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2012 Looks Promising for Energy Investors

Rising oil prices and increased demand for oil and natural gas have set the ball rolling for exploration and production for the new year. With oil prices hovering around the $100-per-barrel mark, companies across the world have increased their focus on production. A recent survey by Barclay's Capital showed that major E&P companies have hiked their planned expenditures for 2012, hitting a cumulative figure of $600 billion. This indicates a feverish pitch in E&P activities in 2012 that should rake in moola for the companies and their investors. Read along and I will tell you where well-known energy companies are focusing their budgets in 2012.

The numbers


2011 Capital and Exploratory Expenditures
(in billions)

2012 Estimated Budget (in billions)


ExxonMobil (NYSE: XOM  ) $33-$37 $33-$37 --
Chevron (NYSE: CVX  ) $28.0 $32.7 17%
PetroChina $26.8 $30.0 12%
Royal Dutch Shell $25-$27 $25-$27 --
Total (NYSE: TOT  ) $20 $23 15%
BP (NYSE: BP  ) $19 $20 7%
ConocoPhillips (NYSE: COP  ) $12 $14 17%
Chesapeake (NYSE: CHK  ) $5.0-$5.4 $5.4-$5.8 7%

Company filings, Web sources.

We can see that four of the companies are exhibiting double-digit growth in their budget allocation. A huge portion of the budget is going to go into finding and developing natural gas reserves since the world's energy demand has been witnessing a shift toward it. The emergence of natural gas as the best alternative to the continually depleting oil reserves has pushed oil majors and minors to grab land in newly found unconventional reserves. This has also created enough opportunities for large-cap oil-field-services companies such as Schlumberger (NYSE: SLB  ) , Baker Hughes, Halliburton (NYSE: HAL  ) , and Weatherford, as the unconventional plays require lot of high-tech equipment and severe-site maintenance.

Focus areas
Now let's shed some light on the places the money will go. Projects witnessing increased capital spending are Chevron's Wheatstone and Gordon Australian liquefied natural gas (LNG) projects; the Australia Pacific LNG project, which is a joint venture of ConocoPhillips, Origin Energy, and Sinopec; and Exxon and Interoil's (NYSE: IOC  ) Papua New  Guinea projects. Apart from being rich in reserves, Australia and Papua New Guinea are well-located to serve Asia, with China and India acting as perfect markets. After the Fukushima Daiichi nuclear disaster in March, Japan has also become a target market for project operators in the region as natural gas is seen as safer than nuclear energy.

Other places drawing oil and services companies are the U.S. shale plays of Bakken, Barnett, Eagle Ford, Woodford and Marcellus. Among them, Bakken has experienced the highest growth in the past five years. According to the U.S. Geological Survey, there are 3.65 billion barrels of recoverable crude oil present in the Bakken. ExxonMobil has 410,000 net acres of leasehold and seven operating rigs in the Bakken. The company has also invested in the Woodford shale.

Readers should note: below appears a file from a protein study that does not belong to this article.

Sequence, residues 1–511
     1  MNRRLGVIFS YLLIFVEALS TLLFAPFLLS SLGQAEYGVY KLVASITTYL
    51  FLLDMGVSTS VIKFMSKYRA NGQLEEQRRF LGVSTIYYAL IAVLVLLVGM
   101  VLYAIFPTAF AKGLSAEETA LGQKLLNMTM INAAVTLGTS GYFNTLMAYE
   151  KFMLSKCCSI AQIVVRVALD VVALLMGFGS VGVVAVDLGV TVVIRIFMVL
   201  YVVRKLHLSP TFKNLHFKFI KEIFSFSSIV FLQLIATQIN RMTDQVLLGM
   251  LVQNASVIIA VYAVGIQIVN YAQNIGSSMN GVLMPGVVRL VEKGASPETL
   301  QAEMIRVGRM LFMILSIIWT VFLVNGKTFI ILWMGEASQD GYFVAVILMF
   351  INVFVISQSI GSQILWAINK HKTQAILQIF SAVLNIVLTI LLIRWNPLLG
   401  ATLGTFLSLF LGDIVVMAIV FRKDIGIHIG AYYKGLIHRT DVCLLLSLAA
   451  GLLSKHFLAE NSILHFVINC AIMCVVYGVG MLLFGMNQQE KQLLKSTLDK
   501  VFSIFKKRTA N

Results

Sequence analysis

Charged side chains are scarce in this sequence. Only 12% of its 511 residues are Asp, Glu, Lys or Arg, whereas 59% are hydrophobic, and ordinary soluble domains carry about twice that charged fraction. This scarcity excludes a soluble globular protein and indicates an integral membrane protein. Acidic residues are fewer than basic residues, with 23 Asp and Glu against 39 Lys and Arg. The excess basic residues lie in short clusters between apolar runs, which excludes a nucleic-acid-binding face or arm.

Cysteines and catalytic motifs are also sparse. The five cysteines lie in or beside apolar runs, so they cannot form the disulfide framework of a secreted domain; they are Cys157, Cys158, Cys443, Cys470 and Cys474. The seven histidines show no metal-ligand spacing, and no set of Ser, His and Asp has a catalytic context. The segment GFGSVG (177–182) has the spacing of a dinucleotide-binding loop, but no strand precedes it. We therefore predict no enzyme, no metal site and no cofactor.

The oil sands of Canada are also attracting investments from both domestic and international players. The oil sands provide these players a good source of supplying crude oil to the U.S. If TransCanada gets approval for its Keystone XL pipeline, oil sands prospects will brighten up further.

A majority of these projects are scheduled to operate from 2014, with a few adding to production post-2017, and some as early as 2012.

Key drivers
High oil prices are one of the main drivers behind the increased capital spending of oil majors. With oil futures settling between $101 and $110 for WTI and Brent, respectively, oil and gas companies have increased efforts to produce more and cash in on the price rise.

The increased demand for natural gas is another driver persuading companies to add more natural gas assets to their project portfolios. Demand from emerging markets and shale discoveries in Latin America, apart from the proven reserves of the U.S., Qatar, Iraq, and Canada have given enough reasons for energy companies to invest.

Foolish bottom line
Rising oil prices and burgeoning natural gas demand stand to play a vital role in shaping the energy sector in 2012, and the increased budget of oil players seems worth spending. If you're looking for top energy plays to profit of the oil boom, check out The Motley Fool's "3 Stocks for $100 Oil." You can download this special report for free by clicking here.

Abantika Chatterjee does not own shares of any of the companies mentioned in this article. Motley Fool newsletter services have recommended buying shares of Chesapeake Energy, Chevron, and Total. Try any of our Foolish newsletter services free for 30 days. We Fools may not all hold the same opinions, but we all believe that considering a diverse range of insights makes us better investors. The Motley Fool has a disclosure policy.

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